Microsoft's taking on malicious adware at the system level in Windows 10

Microsoft is expanding its efforts to improve security in Windows 10, with its latest move set to adjust its Adware objective criteria to address the rising concerns over man-in-the-middle techniques being used to serve ads. From Microsoft:

Ad injection software has evolved, and is now using a variety of 'man-in-the-middle' (MiTM) techniques. Some of these techniques include injection by proxy, changing DNS settings, network layer manipulation and other methods. All of these techniques intercept communications between the Internet and the PC to inject advertisements and promotions into webpages from outside, without the control of the browser. Our intent is to keep the user in control of their browsing experience and these methods reduce that control.

There are many additional concerns with these techniques, some of these include:

  • MiTM techniques add security risk to customers by introducing another vector of attack to the system.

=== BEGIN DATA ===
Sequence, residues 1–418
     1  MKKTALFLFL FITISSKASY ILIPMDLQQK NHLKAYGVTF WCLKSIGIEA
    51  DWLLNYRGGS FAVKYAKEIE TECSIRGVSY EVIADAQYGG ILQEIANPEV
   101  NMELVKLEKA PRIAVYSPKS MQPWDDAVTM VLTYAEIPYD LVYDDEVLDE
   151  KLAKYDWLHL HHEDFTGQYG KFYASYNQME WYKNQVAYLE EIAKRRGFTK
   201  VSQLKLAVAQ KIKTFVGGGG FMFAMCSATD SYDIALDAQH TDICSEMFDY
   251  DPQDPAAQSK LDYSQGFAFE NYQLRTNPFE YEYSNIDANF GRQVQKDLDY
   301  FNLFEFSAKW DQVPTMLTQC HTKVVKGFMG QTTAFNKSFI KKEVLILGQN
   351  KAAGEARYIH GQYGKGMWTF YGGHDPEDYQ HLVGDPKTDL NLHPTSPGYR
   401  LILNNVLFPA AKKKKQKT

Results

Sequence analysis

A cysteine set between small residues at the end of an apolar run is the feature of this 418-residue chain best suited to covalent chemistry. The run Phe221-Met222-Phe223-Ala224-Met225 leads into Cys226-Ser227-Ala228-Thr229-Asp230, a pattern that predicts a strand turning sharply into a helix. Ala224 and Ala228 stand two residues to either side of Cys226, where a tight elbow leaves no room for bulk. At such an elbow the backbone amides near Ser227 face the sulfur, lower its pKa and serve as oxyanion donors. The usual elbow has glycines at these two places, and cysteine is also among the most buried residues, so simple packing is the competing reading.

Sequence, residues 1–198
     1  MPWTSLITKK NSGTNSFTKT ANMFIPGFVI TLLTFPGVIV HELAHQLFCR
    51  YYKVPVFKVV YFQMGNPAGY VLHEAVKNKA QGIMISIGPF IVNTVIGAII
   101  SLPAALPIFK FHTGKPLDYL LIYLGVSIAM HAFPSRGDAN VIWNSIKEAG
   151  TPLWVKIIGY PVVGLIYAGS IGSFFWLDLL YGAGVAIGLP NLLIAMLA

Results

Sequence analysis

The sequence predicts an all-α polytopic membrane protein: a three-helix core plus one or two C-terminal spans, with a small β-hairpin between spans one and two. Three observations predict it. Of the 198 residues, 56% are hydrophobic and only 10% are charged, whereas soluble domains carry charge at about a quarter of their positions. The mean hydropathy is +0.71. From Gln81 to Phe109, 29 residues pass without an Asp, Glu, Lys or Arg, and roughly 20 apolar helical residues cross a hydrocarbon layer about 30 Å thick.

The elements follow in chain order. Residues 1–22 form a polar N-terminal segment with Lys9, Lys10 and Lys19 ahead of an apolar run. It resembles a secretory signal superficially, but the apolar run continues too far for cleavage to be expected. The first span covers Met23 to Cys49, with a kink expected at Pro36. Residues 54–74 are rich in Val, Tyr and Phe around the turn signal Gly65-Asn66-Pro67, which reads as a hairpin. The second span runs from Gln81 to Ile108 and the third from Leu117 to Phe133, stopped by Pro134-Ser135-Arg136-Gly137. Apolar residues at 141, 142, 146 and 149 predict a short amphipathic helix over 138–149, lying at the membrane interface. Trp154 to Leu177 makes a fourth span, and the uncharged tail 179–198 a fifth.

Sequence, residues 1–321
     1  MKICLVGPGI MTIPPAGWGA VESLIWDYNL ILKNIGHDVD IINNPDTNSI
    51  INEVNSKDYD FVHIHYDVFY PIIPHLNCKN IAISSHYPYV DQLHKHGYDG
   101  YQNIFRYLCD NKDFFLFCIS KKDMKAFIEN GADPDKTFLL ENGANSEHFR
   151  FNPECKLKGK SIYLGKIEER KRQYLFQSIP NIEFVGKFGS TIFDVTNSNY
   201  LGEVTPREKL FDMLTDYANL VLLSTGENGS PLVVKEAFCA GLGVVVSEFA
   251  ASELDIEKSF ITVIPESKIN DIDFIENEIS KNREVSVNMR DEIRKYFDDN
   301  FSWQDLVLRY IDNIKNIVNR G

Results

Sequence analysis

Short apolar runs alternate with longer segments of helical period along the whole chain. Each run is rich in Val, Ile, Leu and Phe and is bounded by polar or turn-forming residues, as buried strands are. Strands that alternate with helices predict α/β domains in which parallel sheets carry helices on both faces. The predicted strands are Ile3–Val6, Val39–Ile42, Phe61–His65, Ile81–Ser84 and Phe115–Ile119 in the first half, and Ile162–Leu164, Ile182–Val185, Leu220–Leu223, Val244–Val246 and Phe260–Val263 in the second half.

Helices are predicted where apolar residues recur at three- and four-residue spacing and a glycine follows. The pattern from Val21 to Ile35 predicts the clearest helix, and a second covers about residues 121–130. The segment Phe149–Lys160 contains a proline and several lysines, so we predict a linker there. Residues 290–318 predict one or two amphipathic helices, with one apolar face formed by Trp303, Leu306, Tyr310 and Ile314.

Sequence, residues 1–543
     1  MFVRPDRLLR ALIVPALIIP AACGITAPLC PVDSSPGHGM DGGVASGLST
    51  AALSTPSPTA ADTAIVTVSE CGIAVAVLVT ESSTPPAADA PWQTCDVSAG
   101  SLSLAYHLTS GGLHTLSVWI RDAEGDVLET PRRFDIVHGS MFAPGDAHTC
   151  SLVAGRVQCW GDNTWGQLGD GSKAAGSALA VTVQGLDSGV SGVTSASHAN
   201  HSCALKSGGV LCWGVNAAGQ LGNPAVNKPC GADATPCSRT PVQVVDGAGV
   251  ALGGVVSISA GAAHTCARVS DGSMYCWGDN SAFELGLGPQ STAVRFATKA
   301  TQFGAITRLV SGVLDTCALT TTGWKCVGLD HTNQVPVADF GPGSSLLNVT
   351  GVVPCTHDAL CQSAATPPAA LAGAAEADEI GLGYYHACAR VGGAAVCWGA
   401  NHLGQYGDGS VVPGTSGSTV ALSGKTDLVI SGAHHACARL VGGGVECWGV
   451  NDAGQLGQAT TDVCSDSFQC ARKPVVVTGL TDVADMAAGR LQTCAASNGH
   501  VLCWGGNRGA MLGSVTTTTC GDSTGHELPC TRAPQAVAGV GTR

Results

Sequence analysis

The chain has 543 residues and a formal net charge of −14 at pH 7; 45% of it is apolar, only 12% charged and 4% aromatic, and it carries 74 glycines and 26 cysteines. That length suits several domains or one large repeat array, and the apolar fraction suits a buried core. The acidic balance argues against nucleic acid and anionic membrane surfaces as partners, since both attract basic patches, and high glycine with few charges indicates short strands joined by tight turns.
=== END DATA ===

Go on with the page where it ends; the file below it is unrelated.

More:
• Most modern browsers have controls in them to notify the user when their browsing experience is going to change and confirm that this is what the user intends. However, many of these methods do not produce these warnings and reduce the choice and control of the user.
  • Also, many of these methods also alter advanced settings and controls that the majority of users will not be able to discover, change, or control.

To address these and to keep the intent of our policy, we're updating our Adware objective criteria to require that programs that create advertisements in browsers must only use the browsers' supported extensibility model for installation, execution, disabling, and removal.

Essentially, Microsoft's renewed focus is meant to address precisely the problems inherent in Lenovo's "SuperFish" debacle from earlier this year by restricting the serving of ads to the browser only, cutting off OS-level methods. This should have the ultimate benefit, alongside other improvements in Windows 10 and Microsoft's overall ecosystem approach, of making Windows much more secure overall.

Enforcement of the new criteria is set to start on March 31, 2016. For much more, be sure to check out Microsoft's full blog post at the source link below.

Source: Microsoft

Dan Thorp-Lancaster

Dan Thorp-Lancaster is the former Editor-in-Chief of Windows Central. He began working with Windows Central, Android Central, and iMore as a news writer in 2014 and is obsessed with tech of all sorts. You can follow Dan on Twitter @DthorpL and Instagram @heyitsdtl